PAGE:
Born with tuberous sclerosis, Matilda has been in and out of The Royal Children’s Hospital for most of her life.
Watching her daughter Matilda, 7, play is a joy Eryn Bugden never takes for granted.
Born with tuberous sclerosis — a condition that left hundreds of benign tumours growing throughout her little body — Matilda has been in and out of Royal Children’s Hospital for most of her life.
A routine 36-week scan revealed Matilda had tumours in her heart, and a post-birth MRI showed there were also growths in her brain, kidneys and under her skin.
“They really didn’t think she was viable with life,” Ms Bugden said.
“The tumours were taking up 80 per cent of her heart.
“She’s got hundreds of tumours in her brain and has struggled with seizures her whole life.”
But Matilda has always been determined to prove the doctors wrong.
Since her diagnosis the now-grade 2 student has also battled through 19 rounds of chemotherapy for a desmoid tumour in her arm — a growth independent of the condition she was born with.
“We nearly lost her several times during that treatment,” Ms Bugden said.
Matilda uses a wheelchair and had to learn how to walk again after surgery on her hips.
And five weeks ago she had surgery to remove a tumour pressing on her brain in the hope of putting a stop to the seizures — a procedure which seems to have worked.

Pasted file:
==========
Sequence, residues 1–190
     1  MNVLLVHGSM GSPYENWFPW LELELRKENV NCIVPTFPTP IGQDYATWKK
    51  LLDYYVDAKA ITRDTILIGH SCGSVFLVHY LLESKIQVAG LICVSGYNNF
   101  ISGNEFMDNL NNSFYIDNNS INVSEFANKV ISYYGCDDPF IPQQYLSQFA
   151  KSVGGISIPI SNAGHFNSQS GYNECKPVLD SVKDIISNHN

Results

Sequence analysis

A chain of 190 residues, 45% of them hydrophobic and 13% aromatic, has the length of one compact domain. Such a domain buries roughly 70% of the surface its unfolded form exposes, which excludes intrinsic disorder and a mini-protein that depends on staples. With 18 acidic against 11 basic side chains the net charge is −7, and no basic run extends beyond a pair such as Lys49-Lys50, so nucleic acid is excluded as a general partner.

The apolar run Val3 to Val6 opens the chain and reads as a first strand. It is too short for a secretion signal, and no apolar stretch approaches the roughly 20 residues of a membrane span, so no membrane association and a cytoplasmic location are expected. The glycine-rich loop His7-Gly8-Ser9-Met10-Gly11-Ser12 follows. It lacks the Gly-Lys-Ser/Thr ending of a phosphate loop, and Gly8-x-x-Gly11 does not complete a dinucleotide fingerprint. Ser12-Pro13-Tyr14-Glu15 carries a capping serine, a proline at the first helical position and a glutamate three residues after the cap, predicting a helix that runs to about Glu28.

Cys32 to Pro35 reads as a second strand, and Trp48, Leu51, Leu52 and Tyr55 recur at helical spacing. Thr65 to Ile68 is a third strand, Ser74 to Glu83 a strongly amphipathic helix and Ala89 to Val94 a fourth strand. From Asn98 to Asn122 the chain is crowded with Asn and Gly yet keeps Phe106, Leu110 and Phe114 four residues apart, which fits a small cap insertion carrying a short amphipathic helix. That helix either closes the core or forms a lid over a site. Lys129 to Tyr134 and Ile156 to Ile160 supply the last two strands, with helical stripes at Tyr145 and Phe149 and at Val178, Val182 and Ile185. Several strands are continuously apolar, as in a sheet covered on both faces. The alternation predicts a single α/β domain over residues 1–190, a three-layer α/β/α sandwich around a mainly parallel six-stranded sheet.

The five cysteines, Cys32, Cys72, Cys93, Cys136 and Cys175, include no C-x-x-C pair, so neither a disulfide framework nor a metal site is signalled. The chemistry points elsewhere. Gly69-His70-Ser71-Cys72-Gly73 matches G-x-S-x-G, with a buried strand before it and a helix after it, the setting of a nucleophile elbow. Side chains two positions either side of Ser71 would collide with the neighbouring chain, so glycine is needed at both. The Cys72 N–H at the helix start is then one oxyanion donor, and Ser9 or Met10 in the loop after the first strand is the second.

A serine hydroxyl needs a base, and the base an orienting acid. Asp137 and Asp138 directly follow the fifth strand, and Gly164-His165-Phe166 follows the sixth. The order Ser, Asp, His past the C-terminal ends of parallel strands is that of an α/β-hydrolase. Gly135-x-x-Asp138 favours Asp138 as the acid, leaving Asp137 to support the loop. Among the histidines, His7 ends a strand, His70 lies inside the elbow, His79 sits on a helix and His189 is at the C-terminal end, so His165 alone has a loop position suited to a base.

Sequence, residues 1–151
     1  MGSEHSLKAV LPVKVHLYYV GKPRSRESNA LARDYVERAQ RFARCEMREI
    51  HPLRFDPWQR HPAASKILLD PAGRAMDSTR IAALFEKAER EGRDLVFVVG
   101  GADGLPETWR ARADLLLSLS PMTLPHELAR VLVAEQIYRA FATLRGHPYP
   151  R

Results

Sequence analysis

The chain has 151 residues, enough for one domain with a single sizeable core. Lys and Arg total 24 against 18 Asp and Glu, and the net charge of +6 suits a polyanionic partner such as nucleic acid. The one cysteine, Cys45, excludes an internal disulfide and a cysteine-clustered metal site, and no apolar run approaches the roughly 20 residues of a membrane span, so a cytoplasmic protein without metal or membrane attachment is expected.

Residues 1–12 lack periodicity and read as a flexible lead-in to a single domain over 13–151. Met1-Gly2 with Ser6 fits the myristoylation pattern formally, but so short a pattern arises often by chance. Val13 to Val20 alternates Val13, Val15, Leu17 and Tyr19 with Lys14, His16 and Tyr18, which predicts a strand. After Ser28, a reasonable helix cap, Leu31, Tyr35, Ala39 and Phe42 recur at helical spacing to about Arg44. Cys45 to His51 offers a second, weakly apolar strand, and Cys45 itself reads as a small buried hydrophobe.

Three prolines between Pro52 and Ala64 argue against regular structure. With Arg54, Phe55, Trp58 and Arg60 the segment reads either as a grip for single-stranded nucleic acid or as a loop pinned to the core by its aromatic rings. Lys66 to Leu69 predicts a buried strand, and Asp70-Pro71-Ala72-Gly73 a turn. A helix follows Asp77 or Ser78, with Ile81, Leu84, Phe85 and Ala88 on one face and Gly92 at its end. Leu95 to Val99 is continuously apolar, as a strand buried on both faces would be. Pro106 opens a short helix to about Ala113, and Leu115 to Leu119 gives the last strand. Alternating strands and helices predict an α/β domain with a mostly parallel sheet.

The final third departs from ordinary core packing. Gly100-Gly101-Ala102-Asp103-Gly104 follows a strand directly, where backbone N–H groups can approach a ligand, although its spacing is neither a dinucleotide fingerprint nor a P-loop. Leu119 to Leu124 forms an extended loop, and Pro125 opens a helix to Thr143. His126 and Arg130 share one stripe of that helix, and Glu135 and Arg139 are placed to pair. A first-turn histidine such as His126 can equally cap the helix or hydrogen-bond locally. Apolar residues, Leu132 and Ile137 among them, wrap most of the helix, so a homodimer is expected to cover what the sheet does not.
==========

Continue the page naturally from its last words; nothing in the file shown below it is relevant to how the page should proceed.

“Given what Matilda has been through, she’s healthy,” Ms Bugden said.
“She loves to play outside, play on the swings. She loves her Lego and Duplo and to colour and draw.
“She plays wheelchair basketball and wheelchair tennis weekly at the hospital.
“Really for the first time she fits in.
“She’s had to fight and she’s had to have a team in her corner fighting for her.
“But here we are, eight years later.”
It’s thanks to the work of those at the RCH, which is supported by the Good Friday Appeal, that Matilda can enjoy being a kid again.
Originally published in the Herald Sun, April 6, 2020
Words: Alanah Frost
Images: Alex Coppel and David Caird
Meet HannahMeet the Patients
A spiked temperature and some bruising were the only signs last June that Hannah's body was in a secret fight against Leukaemia.